Chapter 5 - Ethical Decision Making and Ethical Leadership
Terms in this set (24)
Key Components of Ethical Decision Making Framework
include ethical-issue intensity, individual factors, organizational factors, and opportunity.
Ethical decision making framework
not a guide for making decisions, intended to provide insights and knowledge about typical ethical decision-making processes in business organizations
gender, education, nationality, age, and locus of control
the relevance or importance of an ethical issue in the eyes of the beholder
relates to a person's perception of social pressure and the harm the decision will have on others
number of years spent in pursuit of academic knowledge
legal relationship between a person and the country in which they were born in
Locus of control
relates to an individual's differences in relation to a generalized belief about how one is affected by internal versus external events or reinforcements
belief that the events in life are due to uncontrollable forces
belief that a person has control over the events in their lives by their own effort and skill
a set of values, beliefs, goals, norms, and ways of solving problems that employees of an organization share
reflects whether the firm also has an ethical conscience, function of many factors, including corporate policies on ethics, top management's leadership on ethical issues, the influence of coworkers, and the opportunity for unethical behavior.
those who have influence in a work group, including peers, managers, coworkers, and subordinates
Obedience to authority
organizations that emphasize respect for superiors, employees may feel that they are expected to carry out orders by a supervisor even if those orders are contrary to the employees' sense of right and wrong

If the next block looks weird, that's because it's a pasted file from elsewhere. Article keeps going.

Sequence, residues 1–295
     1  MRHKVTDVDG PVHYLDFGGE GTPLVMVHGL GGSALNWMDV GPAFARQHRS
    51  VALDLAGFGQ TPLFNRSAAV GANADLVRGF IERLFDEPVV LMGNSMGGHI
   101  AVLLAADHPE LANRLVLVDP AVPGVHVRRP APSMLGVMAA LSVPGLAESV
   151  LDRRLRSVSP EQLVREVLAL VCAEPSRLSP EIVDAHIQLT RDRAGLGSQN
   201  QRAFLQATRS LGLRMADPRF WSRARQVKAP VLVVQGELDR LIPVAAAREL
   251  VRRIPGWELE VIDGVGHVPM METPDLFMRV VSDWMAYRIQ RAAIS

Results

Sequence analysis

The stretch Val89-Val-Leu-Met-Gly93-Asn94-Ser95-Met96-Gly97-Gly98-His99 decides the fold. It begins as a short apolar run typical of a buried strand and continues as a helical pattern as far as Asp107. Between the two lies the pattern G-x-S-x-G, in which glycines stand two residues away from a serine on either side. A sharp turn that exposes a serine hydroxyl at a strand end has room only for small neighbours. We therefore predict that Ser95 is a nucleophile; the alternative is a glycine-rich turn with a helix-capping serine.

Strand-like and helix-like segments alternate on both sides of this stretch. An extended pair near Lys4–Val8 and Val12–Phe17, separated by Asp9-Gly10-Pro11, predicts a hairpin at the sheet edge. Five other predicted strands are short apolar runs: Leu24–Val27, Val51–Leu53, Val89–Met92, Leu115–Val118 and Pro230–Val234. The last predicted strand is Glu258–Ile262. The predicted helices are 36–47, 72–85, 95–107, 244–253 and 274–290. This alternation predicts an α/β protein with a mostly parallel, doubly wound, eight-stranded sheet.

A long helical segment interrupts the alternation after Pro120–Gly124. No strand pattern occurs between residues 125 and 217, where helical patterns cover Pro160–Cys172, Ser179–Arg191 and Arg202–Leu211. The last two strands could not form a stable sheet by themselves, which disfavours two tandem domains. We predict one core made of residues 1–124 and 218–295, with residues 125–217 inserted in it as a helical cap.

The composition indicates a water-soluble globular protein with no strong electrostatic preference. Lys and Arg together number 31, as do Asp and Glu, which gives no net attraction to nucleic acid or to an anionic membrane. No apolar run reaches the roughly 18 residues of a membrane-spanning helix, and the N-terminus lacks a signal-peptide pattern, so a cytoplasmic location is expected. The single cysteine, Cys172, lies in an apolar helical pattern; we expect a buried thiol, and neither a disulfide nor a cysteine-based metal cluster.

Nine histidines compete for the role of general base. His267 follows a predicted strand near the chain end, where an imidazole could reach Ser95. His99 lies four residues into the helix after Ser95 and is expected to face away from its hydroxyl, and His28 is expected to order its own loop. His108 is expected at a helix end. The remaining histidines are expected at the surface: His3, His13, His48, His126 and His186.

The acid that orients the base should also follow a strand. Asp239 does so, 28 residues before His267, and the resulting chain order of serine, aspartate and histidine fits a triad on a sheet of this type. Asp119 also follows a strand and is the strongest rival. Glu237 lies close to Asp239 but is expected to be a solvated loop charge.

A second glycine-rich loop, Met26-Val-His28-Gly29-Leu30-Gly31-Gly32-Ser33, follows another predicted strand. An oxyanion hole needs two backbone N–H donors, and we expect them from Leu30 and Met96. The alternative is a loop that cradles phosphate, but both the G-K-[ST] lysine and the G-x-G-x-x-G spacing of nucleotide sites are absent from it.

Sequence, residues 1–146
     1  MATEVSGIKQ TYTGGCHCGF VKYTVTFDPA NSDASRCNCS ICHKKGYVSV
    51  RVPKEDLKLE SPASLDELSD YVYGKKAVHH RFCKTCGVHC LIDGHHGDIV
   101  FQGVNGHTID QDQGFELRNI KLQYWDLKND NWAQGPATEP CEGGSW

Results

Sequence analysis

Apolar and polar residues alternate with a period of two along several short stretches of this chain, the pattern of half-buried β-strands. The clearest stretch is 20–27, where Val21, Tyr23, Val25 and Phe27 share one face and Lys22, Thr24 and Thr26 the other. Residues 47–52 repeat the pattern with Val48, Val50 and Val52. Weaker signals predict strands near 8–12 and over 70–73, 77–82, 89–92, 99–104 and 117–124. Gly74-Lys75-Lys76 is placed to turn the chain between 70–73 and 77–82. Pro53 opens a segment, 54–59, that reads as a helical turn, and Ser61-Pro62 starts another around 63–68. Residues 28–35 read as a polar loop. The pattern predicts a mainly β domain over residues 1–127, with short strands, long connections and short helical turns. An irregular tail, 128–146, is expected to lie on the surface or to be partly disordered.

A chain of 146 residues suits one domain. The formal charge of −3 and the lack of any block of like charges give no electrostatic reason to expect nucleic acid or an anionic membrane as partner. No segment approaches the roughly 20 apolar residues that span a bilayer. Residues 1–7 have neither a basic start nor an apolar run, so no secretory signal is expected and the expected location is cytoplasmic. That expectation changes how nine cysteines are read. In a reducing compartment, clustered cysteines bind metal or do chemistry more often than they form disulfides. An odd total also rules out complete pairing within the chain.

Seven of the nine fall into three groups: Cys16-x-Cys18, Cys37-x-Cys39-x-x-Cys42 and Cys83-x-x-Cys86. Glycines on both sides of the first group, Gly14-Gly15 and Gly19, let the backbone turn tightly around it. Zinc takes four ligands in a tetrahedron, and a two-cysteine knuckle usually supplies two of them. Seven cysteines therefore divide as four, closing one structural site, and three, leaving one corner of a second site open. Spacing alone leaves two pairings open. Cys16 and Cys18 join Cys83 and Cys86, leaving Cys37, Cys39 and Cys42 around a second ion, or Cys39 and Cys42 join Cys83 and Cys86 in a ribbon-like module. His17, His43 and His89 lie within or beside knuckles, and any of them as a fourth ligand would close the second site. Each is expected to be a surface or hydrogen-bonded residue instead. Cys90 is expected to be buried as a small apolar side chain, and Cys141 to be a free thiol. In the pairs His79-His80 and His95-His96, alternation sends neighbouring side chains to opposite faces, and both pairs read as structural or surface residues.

conditions in an organization that limit or permit ethical behavior
Immediate job context
where they work, whom they work with, and the nature of the work
ability or authority to guide and direct others toward the achievement of a goal, has a significant impact on ethical decision making because leaders have the power to motivate others and enforce the organization's rules and policies as well as their own viewpoints.
attempt to create employee satisfaction through negotiation or bartering for desired behaviors or levels of performance
strive to raise employee's level of commitment and to foster trust and motivation, strive for a shared vision and common learning experience
Yes/No - The first step In ethical decision making is to understand the Individual factors that Influence the process.
No. The first step is to become more aware that an ethical issue exists and to consider its relevance to the individual or work group.
Yes/No - Opportunity describes the conditions within an organization that limit or permit ethical or unethical behavior.
Yes. Opportunity results from conditions that provide rewards or fail to erect barriers against unethical behavior.
Yes/No - Transactional leaders negotiate compliance and ethics.
Yes. Transactional leaders barter or negotiate with employees.
Yes/No - The most significant influence on ethical behavior In the organization is the opportunity to engage in (un)ethical behavior.
No. Significant others have more impact on ethical decisions within an organization.
Yes/No - Obedience to authority relates to the Influence of corporate culture.
No. Obedience to authority relates to the influence of significant others and supervisors.